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Potential Prognosis

A recent report on the CBS News website highlighting newly-diagnosed cases of bovine spongiform encephalitis (BSE) in Alberta, Canada, will no doubt reignite the debate about how safe it is to consume beef (1). It is well-recognised that prions – the misfolded proteins, known as PrP-Sc, that cause BSE in cows – are the most likely cause of variant Creutzfelt-Jakob disease (vCJD) in humans (2). How they cause the disease is still debated, with current theories suggesting that an accumulation of prions in a nerve cell results in its injury and death. Others believe that the transformation of PrP-C to PrP-Sc leads to the neurodegenerative condition (2).

This highly tenacious and unique life form, due to its lack of genetic material, is now thought to have been transmitted into the human population through the consumption of infected beef – with epidemiological data pointing to a strong correlation between the two (2).

Possibly Widespread?

Once infection occurs, there can be a latency period of anything up to 50 years before the neurodegenerative symptoms, created by the prions, start to appear. This means the number of potential vCJD carriers in the UK is unknown at present, but could be large (3).

Indeed, in 2011, the high-profile death of Holly Mills in the UK served as a reminder that the disease is as deadly and elusive to detect today as it has been since the first recorded cases appeared in humans in early 1996 (4).

In fact, a world authority in prion research, Professor Graham Jackson from the Medical Research Council Prion Unit at University College London, said in an article on vCJD: “This problem has not gone away – far from it” (5). And it is something we should all be concerned about – especially as the same report details recent research that shows there may be as many as 1 in 2,000 people in the UK carrying the infection, but who are currently subclinical (5). This means there could soon be a large number of patients needing a reliable diagnostic test, if vCJD is a suspected cause of their symptoms.

The lack of knowledge regarding the level of infection with prions in the UK population creates another important issue: accidental iatrogenic transmission. This raises the possibility of vCJD being passed on via tissue and organ grafts, blood products and transfusions, and contaminated medical instruments (6,7).

Some researchers even suggest that the majority of new cases will be via diseased blood products, rather than through the primary route of eating infected meat (8). And, according to an article by the MRC Prion Unit, there are “several thousand patients known to have received contaminated blood products who are considered to be at risk” (8).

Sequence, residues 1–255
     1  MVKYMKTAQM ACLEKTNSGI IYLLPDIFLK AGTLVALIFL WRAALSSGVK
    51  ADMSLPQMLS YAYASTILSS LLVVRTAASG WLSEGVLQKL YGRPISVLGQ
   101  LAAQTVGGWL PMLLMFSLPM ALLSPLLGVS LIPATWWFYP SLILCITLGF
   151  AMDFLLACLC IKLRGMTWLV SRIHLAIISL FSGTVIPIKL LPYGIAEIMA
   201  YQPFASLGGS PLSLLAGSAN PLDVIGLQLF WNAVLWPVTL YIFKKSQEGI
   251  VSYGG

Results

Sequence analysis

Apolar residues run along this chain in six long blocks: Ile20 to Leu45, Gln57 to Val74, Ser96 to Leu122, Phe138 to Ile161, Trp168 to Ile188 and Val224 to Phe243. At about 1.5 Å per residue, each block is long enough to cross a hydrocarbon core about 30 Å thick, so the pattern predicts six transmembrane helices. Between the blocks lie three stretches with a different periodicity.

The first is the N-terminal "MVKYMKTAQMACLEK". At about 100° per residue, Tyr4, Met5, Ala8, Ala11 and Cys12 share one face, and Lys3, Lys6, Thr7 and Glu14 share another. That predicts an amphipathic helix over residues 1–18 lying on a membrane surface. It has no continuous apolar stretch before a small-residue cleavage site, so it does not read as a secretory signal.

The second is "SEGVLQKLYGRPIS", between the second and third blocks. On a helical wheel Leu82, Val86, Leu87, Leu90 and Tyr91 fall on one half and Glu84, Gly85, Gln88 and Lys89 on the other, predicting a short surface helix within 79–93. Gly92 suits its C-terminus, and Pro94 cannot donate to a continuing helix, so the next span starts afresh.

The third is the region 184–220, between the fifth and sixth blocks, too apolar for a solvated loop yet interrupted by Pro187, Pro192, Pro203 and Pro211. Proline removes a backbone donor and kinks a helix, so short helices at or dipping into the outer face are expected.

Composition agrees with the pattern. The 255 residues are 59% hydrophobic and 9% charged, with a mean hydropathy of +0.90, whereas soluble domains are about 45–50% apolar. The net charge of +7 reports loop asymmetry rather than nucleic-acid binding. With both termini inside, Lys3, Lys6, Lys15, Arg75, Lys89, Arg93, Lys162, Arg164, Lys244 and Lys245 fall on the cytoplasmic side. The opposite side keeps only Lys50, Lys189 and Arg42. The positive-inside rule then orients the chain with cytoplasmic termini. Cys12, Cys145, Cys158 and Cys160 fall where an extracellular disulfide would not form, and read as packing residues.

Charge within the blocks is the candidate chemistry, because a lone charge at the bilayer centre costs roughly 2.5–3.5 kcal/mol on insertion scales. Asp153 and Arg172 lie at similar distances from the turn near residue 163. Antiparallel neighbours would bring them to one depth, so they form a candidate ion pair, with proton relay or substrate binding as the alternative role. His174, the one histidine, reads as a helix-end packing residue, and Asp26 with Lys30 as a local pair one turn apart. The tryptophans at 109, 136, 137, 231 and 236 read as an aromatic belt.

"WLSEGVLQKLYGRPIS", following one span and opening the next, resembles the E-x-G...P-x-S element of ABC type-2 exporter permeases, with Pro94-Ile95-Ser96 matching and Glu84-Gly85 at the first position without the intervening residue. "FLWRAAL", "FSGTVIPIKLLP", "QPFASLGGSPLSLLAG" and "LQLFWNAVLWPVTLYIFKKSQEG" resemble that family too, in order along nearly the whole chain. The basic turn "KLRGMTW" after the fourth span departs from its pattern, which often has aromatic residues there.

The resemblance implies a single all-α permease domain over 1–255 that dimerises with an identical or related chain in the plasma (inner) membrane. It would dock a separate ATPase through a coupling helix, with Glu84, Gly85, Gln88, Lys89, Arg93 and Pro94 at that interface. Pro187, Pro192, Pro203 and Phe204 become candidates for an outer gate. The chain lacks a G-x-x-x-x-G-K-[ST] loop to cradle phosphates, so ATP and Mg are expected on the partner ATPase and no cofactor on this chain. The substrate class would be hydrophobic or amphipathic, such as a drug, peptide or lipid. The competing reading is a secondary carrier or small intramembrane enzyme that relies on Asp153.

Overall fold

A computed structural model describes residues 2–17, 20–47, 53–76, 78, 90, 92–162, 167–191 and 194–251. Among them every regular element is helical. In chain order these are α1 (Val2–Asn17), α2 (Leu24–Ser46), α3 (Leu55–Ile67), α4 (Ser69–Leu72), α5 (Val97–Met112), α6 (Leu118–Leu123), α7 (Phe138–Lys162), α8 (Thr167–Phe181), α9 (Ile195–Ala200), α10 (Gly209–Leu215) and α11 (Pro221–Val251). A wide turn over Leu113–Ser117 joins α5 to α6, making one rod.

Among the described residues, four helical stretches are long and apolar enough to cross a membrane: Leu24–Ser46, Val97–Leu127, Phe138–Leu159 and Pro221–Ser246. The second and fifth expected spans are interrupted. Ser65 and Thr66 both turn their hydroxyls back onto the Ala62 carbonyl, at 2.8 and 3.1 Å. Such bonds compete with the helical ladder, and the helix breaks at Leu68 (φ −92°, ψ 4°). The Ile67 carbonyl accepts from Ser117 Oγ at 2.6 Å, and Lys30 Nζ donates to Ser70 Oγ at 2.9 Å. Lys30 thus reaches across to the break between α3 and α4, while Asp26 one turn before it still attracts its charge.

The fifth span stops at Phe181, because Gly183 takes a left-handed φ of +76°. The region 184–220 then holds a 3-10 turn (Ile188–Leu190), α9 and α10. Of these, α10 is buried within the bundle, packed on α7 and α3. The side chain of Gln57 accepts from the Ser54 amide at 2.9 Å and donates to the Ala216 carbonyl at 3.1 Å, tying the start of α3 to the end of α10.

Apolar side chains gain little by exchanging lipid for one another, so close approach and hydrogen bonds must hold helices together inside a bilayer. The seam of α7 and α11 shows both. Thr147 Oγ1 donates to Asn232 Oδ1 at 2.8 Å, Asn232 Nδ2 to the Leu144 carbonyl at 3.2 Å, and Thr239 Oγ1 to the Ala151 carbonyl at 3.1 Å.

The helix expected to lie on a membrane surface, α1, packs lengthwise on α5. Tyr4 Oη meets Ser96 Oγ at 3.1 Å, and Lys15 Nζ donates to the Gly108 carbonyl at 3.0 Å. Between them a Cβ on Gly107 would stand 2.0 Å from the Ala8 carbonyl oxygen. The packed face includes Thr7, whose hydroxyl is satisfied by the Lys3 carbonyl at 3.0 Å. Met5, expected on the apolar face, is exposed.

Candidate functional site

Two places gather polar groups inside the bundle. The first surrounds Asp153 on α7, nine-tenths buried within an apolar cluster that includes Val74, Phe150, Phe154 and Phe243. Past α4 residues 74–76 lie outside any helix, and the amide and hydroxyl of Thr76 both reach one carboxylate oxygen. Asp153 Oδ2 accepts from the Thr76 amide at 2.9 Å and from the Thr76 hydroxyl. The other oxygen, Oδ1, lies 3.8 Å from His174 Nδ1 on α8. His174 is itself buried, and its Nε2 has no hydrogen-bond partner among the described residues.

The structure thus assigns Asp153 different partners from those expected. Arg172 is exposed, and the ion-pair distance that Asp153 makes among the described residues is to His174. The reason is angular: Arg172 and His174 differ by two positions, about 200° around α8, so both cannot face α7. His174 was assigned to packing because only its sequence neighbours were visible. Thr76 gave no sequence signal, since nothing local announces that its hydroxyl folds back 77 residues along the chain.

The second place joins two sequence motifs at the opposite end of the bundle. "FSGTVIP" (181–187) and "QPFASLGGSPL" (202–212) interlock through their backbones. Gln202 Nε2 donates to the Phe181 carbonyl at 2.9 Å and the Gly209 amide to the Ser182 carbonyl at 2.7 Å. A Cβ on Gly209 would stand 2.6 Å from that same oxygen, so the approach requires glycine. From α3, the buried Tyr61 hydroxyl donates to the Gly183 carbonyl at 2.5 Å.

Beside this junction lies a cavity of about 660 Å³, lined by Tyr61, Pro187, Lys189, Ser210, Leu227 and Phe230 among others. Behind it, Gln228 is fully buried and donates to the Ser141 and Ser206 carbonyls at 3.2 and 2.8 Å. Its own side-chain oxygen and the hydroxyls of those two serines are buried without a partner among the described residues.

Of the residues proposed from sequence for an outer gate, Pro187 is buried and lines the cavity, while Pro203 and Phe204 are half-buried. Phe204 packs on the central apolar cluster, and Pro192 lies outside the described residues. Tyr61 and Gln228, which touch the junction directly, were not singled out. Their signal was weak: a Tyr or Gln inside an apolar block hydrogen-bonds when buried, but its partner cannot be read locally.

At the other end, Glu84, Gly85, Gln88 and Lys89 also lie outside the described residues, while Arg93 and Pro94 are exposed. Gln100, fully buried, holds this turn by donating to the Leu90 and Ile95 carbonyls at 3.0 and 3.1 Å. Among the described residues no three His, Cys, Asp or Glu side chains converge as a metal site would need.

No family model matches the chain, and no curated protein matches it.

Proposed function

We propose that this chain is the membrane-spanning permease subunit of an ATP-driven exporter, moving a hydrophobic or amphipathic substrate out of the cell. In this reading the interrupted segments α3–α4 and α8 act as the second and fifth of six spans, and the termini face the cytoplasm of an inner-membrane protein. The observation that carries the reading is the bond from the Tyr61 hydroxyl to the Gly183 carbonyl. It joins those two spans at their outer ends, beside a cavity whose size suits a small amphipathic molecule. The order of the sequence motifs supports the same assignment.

This being the case, and with no cure available – nor looking like it is on the horizon any time soon – it is imperative that a reliable, early-stage diagnostic tool – preferably one that can identify carriers before symptoms emerge – is developed (2,8). Not only to find the true prevalence of vCJD in the UK, but also to identify those that need to be referred for care and to prevent any further cross-infection via iatrogenic transmission.

Current Diagnostic Testing

At present, it is only possible to definitively diagnose vCJD post-mortem by examining the brain pathology, usually in the form of a brain biopsy (2). These tests look for the typical vCJD biomarkers in the brain tissue, and include using western immunoblot and/ or immunochemistry to detect prion deposition and accumulation. Other changes indicating the presence of infection could be nerve cell loss, vacuolation and gliosis (2). Brain biopsies are used ante-mortem too, but this is rare as the risk to the patient and the medical team performing the procedure is very high (9). There have even been reports of medical staff refusing to deal with patients suspected of carrying the disease, because of the risk of prion infection (10).

Another ante-mortem test includes diffusion-weighted imaging, as part of a magnetic resonance imaging sequence. This method has proven to be a valuable addition to the vCJD diagnostic toolbox, and it aims to find evidence of a bilaterally-increased pulvinar signal, which is present in approximately 75% of infected patients (11). As this signal is highly vCJD-specific, it can be used as an indicator of disease presence (2).

An electroencephalogram may also be used as part of the diagnostic process (9). However, its primary function is as a tool to diagnose sporadic CJD – not the variant form – so its usefulness is questionable. The changes that occur in ‘classic’ CJD are often absent in vCJD patients, or are only present in the very late disease stages (12).